There's a lot to like about Snell as a pitcher, and there's a lot to like about him as a piece of a roster. His contract is more affordable than what his free-agent equivalent would have received (Zack Wheeler will make twice as much in 2021), and that financial flexibility should prove beneficial. The Padres, to their credit, are known to be pursuing Korean infielder Ha-Seong Kim. Rival teams also believe the Padres still have interest in right-hander Yu Darvish, whom they talked about last week with the Chicago Cubs.

As for the prospect portion of the deal, a source once told CBS Sports that A.J. Preller is very good at trading away players he doesn't like. San Diego has been an active buyer over the past six months without sacrificing the top of the system, and it still has the depth to deal more if the opportunity presents itself. Snell is the first big addition for the Padres this winter, but that doesn't mean that he's going to be the last -- especially if Preller is serious about building a monster to chase down the Los Angeles Dodgers.

Rays grade: B

We're going to do our best to avoid the same talking points that surface whenever the Rays trade an established star for a package of younger (read: cheaper) players. By now, it should be clear what owner Stuart Sternberg prioritizes from his baseball team -- and it ain't championships or the adoration of the fan base. Anyone willing to justify it will; everyone else can roll their eyes at the near-billionaire and his nihilism.

Contrary to popular belief, the Rays do lose trades -- frequently, even, when their front office is being hectored to reduced payroll. This isn't a Sternberg Special by any means, but there is more risk here than the players' collective name-brand appeal suggests.

Patino is the closest thing the Rays' return has to a "centerpiece." He spent most of the season in the majors, working an ineffectual 11 appearances. Patino is a quality athlete who averaged 97 mph on his heater and who generated nearly 50 percent whiffs with his slider during his big-league outings. He's on the smaller side, however, and he needs to continue to develop his changeup and his command if he wants to remain in a starting role long-term. The Rays have a history of suppressing their best players' service time; in Patino's case, it seems reasonable to think he could stand for more seasoning: coming into 2020, he'd appeared in just two games above the A-ball level.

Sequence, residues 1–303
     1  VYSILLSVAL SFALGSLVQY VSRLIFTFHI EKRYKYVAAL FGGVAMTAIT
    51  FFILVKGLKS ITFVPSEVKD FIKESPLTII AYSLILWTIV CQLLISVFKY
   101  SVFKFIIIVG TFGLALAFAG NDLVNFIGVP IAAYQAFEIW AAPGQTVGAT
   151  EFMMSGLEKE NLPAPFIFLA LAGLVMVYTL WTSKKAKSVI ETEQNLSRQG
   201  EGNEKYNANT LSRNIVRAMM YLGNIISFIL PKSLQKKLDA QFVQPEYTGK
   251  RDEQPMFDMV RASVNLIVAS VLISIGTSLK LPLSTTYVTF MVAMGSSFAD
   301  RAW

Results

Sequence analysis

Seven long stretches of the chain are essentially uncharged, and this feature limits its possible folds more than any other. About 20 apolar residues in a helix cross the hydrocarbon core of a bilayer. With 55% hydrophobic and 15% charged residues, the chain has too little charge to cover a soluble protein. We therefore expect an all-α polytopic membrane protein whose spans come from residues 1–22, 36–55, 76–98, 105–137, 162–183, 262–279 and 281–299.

Mejia is the closest thing the Rays' return has to a "veteran." He's accrued more than two years of service to date, putting him a season away from reaching arbitration. There have long been concerns that Mejia is too small to handle a full workload behind the dish (he's listed at 5-foot-8, 188 pounds); it doesn't help his case that he graded as a below-average framer prior to an uptick in 2020 that could be a small-sample mirage. The Rays could have him try his hand at another position -- perhaps DH if they find a taker for Yoshi Tsutsugo -- as a means of freeing up his bat. The downside is that Mejia hasn't hit much as a big-league player: his career line is .225/.282/.386 (78 OPS+) through his first 362 plate appearances. He has been better against righties, at least. 

Wilcox, San Diego's third-round pick this year, hasn't yet made his professional debut. The Padres pried him away from returning to the University of Georgia by handing him a signing bonus exceeding $3 million. Wilcox has a starter's frame and a good slider, but some evaluators feel he's likely to end up in the bullpen -- where, to be fair, he could sink and slide his way into a high-leverage role.

Then there's Hunt, the Padres' second-round pick in 2017, who is the inverse of Mejia in the sense that he's larger than the standard backstop (6-foot-3, 215 pounds). Hunt had been a better-than-average hitter in each of the past two seasons, and that was before he altered his swing this year. Depending on if that change will allow him to tap into more raw power once the minors resume, he could be one worth watching.